The first year we applied for our declaration of intent with the state of Georgia I did a lot of research. I didn't know where to start. We first looked into accredited school for that reason. I didn't know if I had it in me to jump head first into planning a full curriculum and teaching. What I did know is that the more we looked into accredited learning I hated the fact that it meant my children would be sitting in front of a screen or computer for half the day. We actually went as far as filled out applications and got accepted. We were just waiting on getting ready to submit testing for grade placement. Jellybean was 5 but I wanted him enrolled in 1st grade not kindergarten. He was already advanced and I thought he could handle first grade work. I just couldn't go through with it, I felt so uneasy about it. I sat down with my husband and he agreed but wanted to make sure I researched and had a good alternative. I wanted them to put pencil to paper, to me that was extremely important. Don't get me wrong all children learn differently and some parents and children like it, I just knew for us it wasn't what I wanted. This basically meant I threw myself into research. I added myself to homeschool groups, reached out to other homeschool mom's, and asked all the questions. This was good for arithmetic, that was good for science, this was good for language. It was extremely overwhelming which is why I just decided one full curriculum from one source, and that is when I found Abeka. Abeka is a Christian homeschool curriculum and it seemed to offer everything I was looking for, back then I wasn't aware that Abeka offered an accredited/academy led version. What I did know is they offered full parent led curriculum books that gave me everything laid out with full lesson plans for each day. I thought it was the perfect way to start because this way it took out all the guess work and planning for me and meant the kids wouldn't be sitting in front of a computer or screen most of the day. However after my first year and following along with everything as in the teachers manuals I learned that Abeka is built to be used like a typical school day. If we did everything by the book school took a full day from 8am to 4pm. I loved the curriculum by itself but I hated all the extra seatwork that came with the parent teaching books. I wanted to continue with the course materials but form it to fit our own schedule. After starting out the way we did I felt confident and doing my own parent led curriculum with out the mannuals. I didn't feel like we needed to have full class lessons and extra seat work for tons of repetitive practice. Most of the work sheets already explain new arithmetic processes or language concepts. So we take a few minutes to explain it and then jump right into it. I will add though that we do use arithmetic manipulatives like flash cards and we also use phonic flash cards. These types of things are add-ons to the curriculum and don't come with the student or teacher kits but are good to have on hand for practice and repetitive learning.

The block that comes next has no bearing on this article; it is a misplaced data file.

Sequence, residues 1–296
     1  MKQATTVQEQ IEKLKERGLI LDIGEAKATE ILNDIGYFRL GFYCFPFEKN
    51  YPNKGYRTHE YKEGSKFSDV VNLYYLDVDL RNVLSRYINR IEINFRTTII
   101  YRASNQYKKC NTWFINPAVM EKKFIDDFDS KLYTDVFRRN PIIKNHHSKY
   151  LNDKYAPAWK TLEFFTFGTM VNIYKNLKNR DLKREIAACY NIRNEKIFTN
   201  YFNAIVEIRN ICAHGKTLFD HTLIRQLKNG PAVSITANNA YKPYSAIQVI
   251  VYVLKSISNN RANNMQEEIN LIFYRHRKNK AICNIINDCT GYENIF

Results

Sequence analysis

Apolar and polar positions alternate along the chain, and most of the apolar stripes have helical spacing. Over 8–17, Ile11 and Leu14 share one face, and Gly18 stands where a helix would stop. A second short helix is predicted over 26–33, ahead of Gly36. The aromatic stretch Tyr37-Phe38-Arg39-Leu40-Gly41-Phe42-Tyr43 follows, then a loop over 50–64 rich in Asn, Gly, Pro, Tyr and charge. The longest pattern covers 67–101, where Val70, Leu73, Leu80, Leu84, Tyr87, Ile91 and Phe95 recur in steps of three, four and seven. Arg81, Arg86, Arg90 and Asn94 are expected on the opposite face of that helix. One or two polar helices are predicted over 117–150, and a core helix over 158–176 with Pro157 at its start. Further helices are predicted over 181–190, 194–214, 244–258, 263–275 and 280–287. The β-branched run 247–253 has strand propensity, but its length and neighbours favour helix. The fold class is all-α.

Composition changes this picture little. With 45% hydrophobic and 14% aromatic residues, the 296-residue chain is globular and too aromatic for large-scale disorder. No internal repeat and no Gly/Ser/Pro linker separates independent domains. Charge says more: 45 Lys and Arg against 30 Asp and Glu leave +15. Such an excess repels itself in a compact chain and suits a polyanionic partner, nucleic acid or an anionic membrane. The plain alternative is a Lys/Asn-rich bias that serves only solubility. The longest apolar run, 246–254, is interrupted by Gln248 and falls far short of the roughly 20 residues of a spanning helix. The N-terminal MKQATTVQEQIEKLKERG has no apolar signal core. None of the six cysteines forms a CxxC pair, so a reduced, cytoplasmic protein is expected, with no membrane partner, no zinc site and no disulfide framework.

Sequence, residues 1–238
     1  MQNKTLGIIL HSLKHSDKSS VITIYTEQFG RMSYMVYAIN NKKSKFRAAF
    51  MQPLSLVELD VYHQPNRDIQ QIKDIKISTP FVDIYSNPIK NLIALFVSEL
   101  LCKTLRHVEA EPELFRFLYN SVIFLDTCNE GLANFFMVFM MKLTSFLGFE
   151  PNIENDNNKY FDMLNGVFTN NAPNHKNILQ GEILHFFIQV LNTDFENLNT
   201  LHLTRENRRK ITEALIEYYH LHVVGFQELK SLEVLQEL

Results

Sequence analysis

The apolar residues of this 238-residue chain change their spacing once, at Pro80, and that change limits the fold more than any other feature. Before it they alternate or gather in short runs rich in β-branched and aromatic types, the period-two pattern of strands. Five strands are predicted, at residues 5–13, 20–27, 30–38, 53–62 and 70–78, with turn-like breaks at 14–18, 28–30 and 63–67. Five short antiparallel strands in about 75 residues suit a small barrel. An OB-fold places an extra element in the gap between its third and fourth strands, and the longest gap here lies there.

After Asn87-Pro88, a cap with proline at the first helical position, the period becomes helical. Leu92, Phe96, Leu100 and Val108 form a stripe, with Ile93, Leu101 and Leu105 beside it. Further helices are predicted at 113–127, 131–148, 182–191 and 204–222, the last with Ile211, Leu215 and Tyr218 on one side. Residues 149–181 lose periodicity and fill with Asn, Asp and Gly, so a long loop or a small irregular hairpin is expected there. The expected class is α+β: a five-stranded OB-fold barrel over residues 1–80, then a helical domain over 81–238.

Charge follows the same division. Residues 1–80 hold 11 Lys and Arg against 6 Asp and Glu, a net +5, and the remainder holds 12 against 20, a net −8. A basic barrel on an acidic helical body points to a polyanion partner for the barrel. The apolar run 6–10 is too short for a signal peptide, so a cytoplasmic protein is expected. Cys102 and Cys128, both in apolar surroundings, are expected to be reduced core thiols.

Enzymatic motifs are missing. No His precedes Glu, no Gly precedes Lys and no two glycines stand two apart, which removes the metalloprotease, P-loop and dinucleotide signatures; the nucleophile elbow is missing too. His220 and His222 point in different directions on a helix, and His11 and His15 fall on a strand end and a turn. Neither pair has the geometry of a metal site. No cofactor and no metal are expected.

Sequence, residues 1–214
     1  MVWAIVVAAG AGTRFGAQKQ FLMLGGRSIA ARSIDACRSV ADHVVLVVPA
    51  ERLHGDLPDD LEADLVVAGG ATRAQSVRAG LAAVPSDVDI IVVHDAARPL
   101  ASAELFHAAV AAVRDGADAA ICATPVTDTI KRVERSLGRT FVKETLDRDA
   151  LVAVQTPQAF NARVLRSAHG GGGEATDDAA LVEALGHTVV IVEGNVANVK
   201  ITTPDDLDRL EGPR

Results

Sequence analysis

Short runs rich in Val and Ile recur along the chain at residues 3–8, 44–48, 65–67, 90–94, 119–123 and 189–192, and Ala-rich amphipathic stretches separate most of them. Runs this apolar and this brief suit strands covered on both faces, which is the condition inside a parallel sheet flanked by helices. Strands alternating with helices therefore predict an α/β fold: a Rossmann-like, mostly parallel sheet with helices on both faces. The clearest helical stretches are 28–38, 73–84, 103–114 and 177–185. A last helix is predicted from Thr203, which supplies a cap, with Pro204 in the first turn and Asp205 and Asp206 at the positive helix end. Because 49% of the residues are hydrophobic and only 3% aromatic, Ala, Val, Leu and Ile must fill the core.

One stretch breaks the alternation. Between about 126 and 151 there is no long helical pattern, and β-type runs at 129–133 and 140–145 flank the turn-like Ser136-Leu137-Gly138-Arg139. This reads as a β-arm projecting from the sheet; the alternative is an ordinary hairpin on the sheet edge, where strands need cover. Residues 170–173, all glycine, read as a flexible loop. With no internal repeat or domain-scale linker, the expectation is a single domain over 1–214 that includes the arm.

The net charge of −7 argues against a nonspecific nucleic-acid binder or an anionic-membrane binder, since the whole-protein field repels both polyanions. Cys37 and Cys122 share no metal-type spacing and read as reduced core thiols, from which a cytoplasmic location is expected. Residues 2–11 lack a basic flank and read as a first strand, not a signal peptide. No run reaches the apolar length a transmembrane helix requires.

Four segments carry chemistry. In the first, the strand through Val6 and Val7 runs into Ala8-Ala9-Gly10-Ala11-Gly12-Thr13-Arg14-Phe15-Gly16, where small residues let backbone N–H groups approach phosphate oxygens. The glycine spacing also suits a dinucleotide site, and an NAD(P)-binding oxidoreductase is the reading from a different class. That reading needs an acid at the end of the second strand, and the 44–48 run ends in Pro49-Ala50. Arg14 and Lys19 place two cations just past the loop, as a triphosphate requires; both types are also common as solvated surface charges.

Homeschooling has been such a gradual lesson for all of us. Over the last few years we have found what works for us and what doesn't. Getting started can be extremely overwhelming so give yourself some grace. It's a learning process to see what works for your family, because what works for me might not work for you. You might like online or accredited learning for your family and that's ok too.

You don't have to have all the right answers right now getting started. It might sound counter productive but jump in and change it as you go to fit your family. You won't know what works and what doesn't until you try.

Even for us I still am sticking with Abeka because I love their language and arithmetic. We just got all our new books for 3rd grade for Jellybean and Littlebean is starting 1st grade. There are holes in the history, social studies, and science that I plan to fill with other things throughout the year and we also plan on starting to teach a second language this year. Having much more responsibility in their learning was at one point all consuming and seemed like I could never do it. Now I'm so glad I have the freedom to teach them what I want them to know or dig deeper into their interests instead of them just sticking to a basic standard curriculum for all. Fit it, shape it, and make it what you want it to be. It is also so extremely rewarding to see them flourish and know it's all because of you.

As some of you are stressing and worrying about what the new school year will bring just know you aren't alone. If your wondering what will work for your family don't be afraid to follow your gut on what you want for your children, whether it's in person schooling, virtual learning, accredited, or homeschooled. Join the groups, there are plenty of them, and ask all the questions. Reach out and talk to other parents. Research all your options. It can be overwhelming. Your children aren't going to suffer because it took you a few weeks of trial and error to figure out what works best for your family. It's a short time frame, and learning together as you grow into it is where the magic it. Please give yourself some grace during this season, you got this.